A unique program designed to make science accessible to the half a million Australians who are blind or have low vision will open to the public this Friday with a colourful display of tactile art and 3D models.
The focus is on making cancer research accessible by engaging other senses, including smell and touch, through a suite of tactile art and models that depict cells and cell division, tumour growth and invasion, targeted cancer treatments and more. For example, exhibition visitors can engage with soft toys of cancer cells that can be healed when flipped inside out in a hands-on learning activity.
The Sensory Scientific Exhibition and Discovery Day is a program developed by researchers within the Monash Biomedicine Discovery Institute (BDI). Last year’s exhibition (see video) brought to life research exploring infection and immunity. It has travelled nationally – most recently on show at the Lion’s Eye Institute in Perth, and was a finalist for the 2019 Eureka Prize for STEM Inclusion.
This year’s exhibition will be held on Friday 6 December at Monash University’s Clayton campus.
Monash BDI recruited legally blind Dr Erica Tandori last year as an artist-in-residence to produce art that could explain infection and immunity to the blind and those with low vision, and provide expert advice for the activities in the exhibition.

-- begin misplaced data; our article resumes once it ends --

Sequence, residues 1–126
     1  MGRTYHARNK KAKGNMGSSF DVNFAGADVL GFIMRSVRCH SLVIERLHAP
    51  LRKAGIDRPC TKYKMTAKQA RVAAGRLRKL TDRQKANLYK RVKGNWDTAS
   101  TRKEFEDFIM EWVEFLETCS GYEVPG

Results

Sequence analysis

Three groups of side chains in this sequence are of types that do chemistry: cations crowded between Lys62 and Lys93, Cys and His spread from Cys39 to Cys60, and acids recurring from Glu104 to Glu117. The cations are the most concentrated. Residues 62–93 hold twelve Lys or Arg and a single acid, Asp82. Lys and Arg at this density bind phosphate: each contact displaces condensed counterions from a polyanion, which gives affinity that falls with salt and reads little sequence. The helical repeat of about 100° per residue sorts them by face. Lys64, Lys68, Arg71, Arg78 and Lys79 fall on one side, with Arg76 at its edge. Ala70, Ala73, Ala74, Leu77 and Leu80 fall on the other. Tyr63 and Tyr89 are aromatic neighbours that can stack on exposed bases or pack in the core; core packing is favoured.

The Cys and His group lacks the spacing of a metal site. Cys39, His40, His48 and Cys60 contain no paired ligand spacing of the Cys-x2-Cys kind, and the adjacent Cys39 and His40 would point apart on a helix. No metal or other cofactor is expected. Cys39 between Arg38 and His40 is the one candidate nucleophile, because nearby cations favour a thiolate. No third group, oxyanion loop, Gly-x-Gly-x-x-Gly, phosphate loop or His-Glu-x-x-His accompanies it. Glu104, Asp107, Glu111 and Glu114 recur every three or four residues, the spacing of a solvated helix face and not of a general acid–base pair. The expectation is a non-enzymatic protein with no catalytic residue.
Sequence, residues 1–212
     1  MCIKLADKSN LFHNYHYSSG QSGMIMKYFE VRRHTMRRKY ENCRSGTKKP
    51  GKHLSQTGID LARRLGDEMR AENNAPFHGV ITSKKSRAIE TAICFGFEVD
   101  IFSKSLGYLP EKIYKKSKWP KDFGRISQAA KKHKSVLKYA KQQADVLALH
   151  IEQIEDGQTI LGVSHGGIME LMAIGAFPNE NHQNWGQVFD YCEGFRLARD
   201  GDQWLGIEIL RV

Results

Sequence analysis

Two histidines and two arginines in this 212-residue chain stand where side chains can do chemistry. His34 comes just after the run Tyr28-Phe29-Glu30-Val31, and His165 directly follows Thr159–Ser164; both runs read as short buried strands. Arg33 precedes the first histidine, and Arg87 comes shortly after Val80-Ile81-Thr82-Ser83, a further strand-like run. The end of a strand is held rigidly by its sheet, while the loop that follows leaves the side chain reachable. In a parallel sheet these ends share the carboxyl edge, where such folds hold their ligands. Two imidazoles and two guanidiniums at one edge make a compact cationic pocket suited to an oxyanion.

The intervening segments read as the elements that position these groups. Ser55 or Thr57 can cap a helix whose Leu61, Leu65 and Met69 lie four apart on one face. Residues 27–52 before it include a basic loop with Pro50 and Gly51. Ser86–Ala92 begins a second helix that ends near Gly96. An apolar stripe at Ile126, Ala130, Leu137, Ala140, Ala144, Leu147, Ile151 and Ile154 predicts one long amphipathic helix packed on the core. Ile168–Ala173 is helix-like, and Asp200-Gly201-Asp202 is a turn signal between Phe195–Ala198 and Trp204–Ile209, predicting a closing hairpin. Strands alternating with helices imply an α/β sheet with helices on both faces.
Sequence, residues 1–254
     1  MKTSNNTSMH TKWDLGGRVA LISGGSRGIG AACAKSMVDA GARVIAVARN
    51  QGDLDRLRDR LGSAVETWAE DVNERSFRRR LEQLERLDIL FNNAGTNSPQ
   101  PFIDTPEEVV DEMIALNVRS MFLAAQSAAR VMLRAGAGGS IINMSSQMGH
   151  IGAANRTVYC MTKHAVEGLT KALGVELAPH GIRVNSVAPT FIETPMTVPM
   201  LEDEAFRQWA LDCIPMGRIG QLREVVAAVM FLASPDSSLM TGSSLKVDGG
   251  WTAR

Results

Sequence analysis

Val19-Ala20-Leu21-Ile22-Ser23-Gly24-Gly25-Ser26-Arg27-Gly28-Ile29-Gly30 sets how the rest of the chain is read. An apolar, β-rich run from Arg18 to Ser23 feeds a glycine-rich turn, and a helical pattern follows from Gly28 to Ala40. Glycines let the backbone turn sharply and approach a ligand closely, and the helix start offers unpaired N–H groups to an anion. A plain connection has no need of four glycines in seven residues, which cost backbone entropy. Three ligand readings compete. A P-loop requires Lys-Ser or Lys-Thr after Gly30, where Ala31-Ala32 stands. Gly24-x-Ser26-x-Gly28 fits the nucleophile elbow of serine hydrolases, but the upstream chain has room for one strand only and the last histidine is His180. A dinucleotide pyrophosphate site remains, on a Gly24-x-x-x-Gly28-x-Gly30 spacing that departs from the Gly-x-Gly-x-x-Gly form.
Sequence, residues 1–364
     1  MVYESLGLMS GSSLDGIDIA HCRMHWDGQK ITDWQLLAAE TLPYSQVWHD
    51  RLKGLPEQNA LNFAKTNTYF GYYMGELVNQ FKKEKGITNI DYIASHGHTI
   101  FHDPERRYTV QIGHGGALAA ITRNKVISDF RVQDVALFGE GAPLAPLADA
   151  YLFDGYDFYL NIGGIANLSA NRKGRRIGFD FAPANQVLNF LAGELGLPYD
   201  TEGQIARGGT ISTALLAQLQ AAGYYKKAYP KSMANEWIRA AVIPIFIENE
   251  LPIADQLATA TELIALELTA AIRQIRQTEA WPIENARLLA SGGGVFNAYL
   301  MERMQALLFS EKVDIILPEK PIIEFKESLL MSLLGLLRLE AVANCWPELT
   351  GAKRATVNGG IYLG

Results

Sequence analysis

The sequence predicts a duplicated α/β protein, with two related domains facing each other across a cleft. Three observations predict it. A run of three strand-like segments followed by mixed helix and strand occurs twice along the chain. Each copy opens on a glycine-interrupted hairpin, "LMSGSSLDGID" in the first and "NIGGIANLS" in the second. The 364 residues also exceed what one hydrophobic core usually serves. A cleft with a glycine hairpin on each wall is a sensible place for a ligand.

This year, Dr Tandori will produce a completely new suite of tactile art and models that depict cancer research. Exhibition visitors will have access to 3D models of cancer cells, and immerse themselves in interactive activities and sessions on cancer research.
Participants will also be able to experience Monash University’s CAVE2 facility which is a 360 degree immersive experience that will have cancer related molecules projected onto enormous surround-screens.
“We’ll have 2D and 3D models, tactile posters and interactive art. The exhibition even includes soft toys of cancer cells that can be healed when flipped inside out, so that people can experience different textures in a hands-on learning activity,” said Monash BDI’s Dr Kylie Wagstaff, who is coordinating the event.
“All of the models will be accompanied by descriptions in both large text and braille and volunteers from the research community will guide participants, explain concepts and answer questions.
“Each small group topic will have interactive and sensory displays suitable for all ages – we really want this to be an inspiring multi-sensory experience. We are encouraging everyone to attend, as we have activities that will appeal to all,” Dr Wagstaff said.
Professor Roger Daly, Head of the Monash BDI’s Department of Biochemistry and Molecular Biology and Cancer Program, is hosting the event.
“We take for granted, when talking to students, the general public and even patients, that they can see what we are talking about when describing what happens in cancer at a cellular and anatomical level,” Professor Daly said.
“For those who have low or no vision, using words is often not enough – so programs that can convert these scientific concepts into tactile and audible demonstrations are enormously valuable.”